AdvTrngDS5.jpg (15633 bytes)       Photo 5:  "VIEW #3" (facing into the strongest growth area or looking from the right side of view#1).  By removing most of the branches in the center, we can create another good viewing angle. Highest quality bonsai have at least three good viewing angles.
DECEMBER 18, 2001
             This photo series was being done in the midst of our busiest Christmas shipping season so it was not possible to prune back and refine in the same training session.  When we're working with highest quality trees, we prefer not to rush.  We use ribbons to help format a training strategy and there's consultation amongst our top trainers when a major restyling strategy is created. 

                We also used the opportunity to have a class with all of our staff to review basic training principles to demonstrate that these same principles apply to both young and older bonsai.   The difference is that older bonsai have more complexity,  requires knowledge of the unique training strategy developed for that specific bonsai,  and that it will take a lot longer to correct if you make a mistake.  So two weeks went by between photos 1-5 and photos 6-9.

AdvTrngDS6.jpg (14738 bytes)       Photo 6:  "VIEW #1" (See photo 3).   With a large section removed, the two original trunks are interesting and some of the original rock is slightly visible.  Banyan bonsai formed out of rock-planted bonsai have exciting aerial root structures.  From this angle, the tree has a nice directional force.  It is now in a 30" diameter by 1" deep training saucer. Transplanting from an 8" deep container to a 1" deep saucer is possible because our professional techniques give us very strong root control. 
AdvTrngDS7.jpg (15676 bytes)       Photo 7: "VIEW #2 (See photo 4). Only a few smaller branches from this side were removed but there was extensive work to select only good aerial roots in the best locations.  Excess aerial roots were removed and when viewing the tree from this angle, there is a very different feeling from View #1. Removing roots is only possible because of our ability to create an abundance of aerial roots! It would be difficult to create aerial roots in dry or poorly lit growing environments.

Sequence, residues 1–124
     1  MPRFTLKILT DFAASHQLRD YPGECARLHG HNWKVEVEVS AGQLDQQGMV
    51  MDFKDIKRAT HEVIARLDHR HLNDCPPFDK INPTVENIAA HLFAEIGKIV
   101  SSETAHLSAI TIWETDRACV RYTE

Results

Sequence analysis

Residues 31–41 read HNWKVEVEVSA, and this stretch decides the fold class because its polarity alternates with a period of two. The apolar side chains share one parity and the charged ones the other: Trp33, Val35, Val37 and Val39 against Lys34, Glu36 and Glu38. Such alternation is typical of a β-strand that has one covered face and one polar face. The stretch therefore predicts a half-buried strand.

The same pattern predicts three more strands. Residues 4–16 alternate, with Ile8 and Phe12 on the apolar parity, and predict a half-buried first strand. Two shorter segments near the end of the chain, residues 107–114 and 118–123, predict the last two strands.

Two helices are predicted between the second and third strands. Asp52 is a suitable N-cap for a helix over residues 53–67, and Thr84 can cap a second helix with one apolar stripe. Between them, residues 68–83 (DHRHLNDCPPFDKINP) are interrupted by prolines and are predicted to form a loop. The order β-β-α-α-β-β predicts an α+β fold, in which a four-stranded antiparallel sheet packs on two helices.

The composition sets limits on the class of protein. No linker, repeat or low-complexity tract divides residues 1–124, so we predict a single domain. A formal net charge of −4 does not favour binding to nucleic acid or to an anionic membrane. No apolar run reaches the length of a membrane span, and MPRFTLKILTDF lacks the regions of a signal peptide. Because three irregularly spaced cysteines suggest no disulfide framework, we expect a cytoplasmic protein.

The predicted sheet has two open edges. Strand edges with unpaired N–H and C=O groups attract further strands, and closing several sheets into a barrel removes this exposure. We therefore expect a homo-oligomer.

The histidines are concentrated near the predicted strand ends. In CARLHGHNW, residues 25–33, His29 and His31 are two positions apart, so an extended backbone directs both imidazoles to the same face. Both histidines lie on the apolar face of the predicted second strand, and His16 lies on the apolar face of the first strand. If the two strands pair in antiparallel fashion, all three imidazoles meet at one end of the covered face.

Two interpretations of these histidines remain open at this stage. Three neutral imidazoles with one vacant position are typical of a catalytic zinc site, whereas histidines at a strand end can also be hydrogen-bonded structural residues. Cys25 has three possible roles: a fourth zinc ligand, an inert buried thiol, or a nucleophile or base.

AdvTrngDS8.jpg (17009 bytes)       Photo 8: "VIEW #3" (See photo 5).  Several large branches were removed and this third angle is now also interesting.  It is different in feeling from the other two views.  Our best bonsai  have this multiple-view quality and this tree is destined to become a part of the Fuku-Bonsai Exhibit Collection. The width of the tree is about 40" with a height of about 27". 
AdvTrngDS9.jpg (29629 bytes)       Photo 9:  A closer look at View #3 showing the positioning of the aerial roots using paper covered "twist-ties." In traditional temperate climate bonsai, collected trees are roughly equivalent to this stage of training and may be 200-300 years old or more. We've brought the tree to this stage in just 25 years.  It's not necessary to be a bonsai master to create an outstanding bonsai if you start with stock of this quality, can keep the tree growing healthily, and can complete the relatively simple refinement training.  This is a major difference between temperate climate bonsai and tropical bonsai!
JANUARY 8, 2002